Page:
2005 Salt Lake City Annual Meeting (October 16–19, 2005)

Paper No. 5
Presentation Time: 2:30 PM


MCLAUGHLIN, Patrick and BRETT, Carlton, Department of Geology, Univ of Cincinnati, 500 Geology/Physics Bldg, Cincinnati, OH 45221-0013, pimclau@hotmail.com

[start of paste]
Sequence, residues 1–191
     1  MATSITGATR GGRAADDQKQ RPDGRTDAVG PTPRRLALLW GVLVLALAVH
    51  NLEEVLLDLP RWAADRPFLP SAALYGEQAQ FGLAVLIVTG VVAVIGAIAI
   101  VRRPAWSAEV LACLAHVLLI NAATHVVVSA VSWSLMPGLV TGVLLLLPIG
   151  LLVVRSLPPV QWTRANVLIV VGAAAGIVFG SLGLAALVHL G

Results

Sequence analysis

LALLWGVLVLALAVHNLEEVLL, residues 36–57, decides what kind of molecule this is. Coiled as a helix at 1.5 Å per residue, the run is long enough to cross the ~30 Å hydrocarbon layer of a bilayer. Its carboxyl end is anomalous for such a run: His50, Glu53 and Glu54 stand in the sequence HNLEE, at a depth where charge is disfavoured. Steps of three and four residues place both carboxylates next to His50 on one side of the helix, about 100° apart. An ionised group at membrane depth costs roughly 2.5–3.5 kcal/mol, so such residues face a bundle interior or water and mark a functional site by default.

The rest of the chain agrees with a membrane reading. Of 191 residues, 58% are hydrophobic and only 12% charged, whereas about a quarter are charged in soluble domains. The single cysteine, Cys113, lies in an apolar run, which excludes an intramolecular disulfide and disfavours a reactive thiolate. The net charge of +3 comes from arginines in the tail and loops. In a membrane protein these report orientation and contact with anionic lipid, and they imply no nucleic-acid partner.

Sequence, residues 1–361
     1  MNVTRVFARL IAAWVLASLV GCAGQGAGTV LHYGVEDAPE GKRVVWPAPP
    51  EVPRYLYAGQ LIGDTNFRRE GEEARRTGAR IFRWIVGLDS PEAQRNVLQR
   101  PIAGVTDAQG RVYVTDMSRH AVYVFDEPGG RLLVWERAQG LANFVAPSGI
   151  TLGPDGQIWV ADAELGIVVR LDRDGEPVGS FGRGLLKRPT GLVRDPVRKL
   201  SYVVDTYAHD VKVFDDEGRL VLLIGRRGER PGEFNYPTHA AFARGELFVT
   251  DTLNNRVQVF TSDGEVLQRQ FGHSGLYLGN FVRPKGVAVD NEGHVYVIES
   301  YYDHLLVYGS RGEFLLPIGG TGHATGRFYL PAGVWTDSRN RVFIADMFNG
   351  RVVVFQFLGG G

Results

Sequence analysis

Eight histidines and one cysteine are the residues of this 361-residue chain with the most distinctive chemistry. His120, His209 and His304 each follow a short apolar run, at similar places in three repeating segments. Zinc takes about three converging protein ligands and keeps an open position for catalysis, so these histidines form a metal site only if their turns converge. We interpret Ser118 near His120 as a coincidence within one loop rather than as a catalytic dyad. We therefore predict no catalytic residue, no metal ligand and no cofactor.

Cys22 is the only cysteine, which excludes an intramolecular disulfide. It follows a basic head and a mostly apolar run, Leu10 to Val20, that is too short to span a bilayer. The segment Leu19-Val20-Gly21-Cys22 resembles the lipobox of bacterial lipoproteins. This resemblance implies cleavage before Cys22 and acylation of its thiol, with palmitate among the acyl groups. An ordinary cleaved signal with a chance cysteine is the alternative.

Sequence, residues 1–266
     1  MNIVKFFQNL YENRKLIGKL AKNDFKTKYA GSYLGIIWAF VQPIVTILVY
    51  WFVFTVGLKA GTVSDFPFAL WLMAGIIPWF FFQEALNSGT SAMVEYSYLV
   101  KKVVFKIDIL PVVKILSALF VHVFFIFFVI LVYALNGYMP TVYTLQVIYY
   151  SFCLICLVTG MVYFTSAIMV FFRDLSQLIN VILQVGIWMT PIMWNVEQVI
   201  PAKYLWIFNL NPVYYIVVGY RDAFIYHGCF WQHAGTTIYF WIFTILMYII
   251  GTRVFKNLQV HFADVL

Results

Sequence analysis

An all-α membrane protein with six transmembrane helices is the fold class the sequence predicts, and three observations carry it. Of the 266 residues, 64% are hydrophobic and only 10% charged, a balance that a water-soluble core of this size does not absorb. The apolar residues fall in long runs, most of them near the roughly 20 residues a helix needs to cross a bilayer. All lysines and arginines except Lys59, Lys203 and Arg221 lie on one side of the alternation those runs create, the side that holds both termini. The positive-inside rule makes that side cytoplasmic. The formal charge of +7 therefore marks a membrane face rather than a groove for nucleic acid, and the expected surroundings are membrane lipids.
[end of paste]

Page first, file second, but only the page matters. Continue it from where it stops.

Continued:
A unified model of sequence stratigraphy for mixed siliciclastic-carbonate fills of foreland basins has been derived from comparative analyses of Paleozoic Appalachian basin deposits in eastern North America (Taconic, Acadian, and Alleghenian orogenies) and Mesozoic deposits in the Western Interior Basin (Sevier orogeny). Critical to development of this model was: 1) the recognition of repeating stratigraphic patterns common to all foreland basin systems studied, 2) detailed analysis of mixed carbonate-siliciclastic strata, which yielded the most sensitive record of environmental change and critical connection between the well studied pure siliciclastic and carbonate end members; 3) assumption that load induced subsidence rates and sedimentation rates on the siliciclastic-dominated side (SDS) of the foreland basin are much greater than on the carbonate-dominated side (CDS) of the foreland basin. Key aspects of this model are a) differential development of transgressive systems tracts as relatively thin lags on the SDS and as thicker and relatively clean skeletal limestones on the CDS; b) identification of a sharp surface of maximum sediment starvation (MSS) particularly well developed on the CDS as a mineralized corrosion surface, associated with maximal rates of sea level rise and drowning of the carbonate factory, as opposed to a more diffuse maximum flooding zone in overlying muddy deposits and in some cases separated by up to several meters from the MSS; c) identification of a sharp forced regression surface (FRS), and in some cases, an overlying condensed shell rich bed (“precursor bed”) at the base of d) distinctly shallowing upward falling stage (regressive) deposits, typified by progradation of coarser sediments on the SDS, and skeletal sands on the CDS. The regional nature of shallowing trends coupled with local coarse wedges indicates that the progradation is a response to, rather than the cause of shallowing. Three scales of cyclicity observable in most outcrop sections share a common stratigraphic architecture, suggesting similar forcing mechanisms at a variety of temporal scales (~40Kyr, ~400Kyr, ~1Myr). The shortest duration cycles are not recognizable in the deposits of the Alleghenian orogeny and may represent the moderating effects of large continental ice sheets during that time.